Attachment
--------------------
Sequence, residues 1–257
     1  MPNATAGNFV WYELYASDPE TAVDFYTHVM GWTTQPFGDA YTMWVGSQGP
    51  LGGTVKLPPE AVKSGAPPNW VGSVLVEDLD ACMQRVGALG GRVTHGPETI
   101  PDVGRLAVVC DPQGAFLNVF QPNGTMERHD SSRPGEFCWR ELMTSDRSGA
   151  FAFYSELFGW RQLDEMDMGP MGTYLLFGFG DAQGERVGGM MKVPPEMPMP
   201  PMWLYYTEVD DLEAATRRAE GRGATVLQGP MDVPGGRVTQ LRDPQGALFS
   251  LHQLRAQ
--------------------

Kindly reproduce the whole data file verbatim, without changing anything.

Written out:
Sequence, residues 1–257
     1  MPNATAGNFV WYELYASDPE TAVDFYTHVM GWTTQPFGDA YTMWVGSQGP
    51  LGGTVKLPPE AVKSGAPPNW VGSVLVEDLD ACMQRVGALG GRVTHGPETI
   101  PDVGRLAVVC DPQGAFLNVF QPNGTMERHD SSRPGEFCWR ELMTSDRSGA
   151  FAFYSELFGW RQLDEMDMGP MGTYLLFGFG DAQGERVGGM MKVPPEMPMP
   201  PMWLYYTEVD DLEAATRRAE GRGATVLQGP MDVPGGRVTQ LRDPQGALFS
   251  LHQLRAQ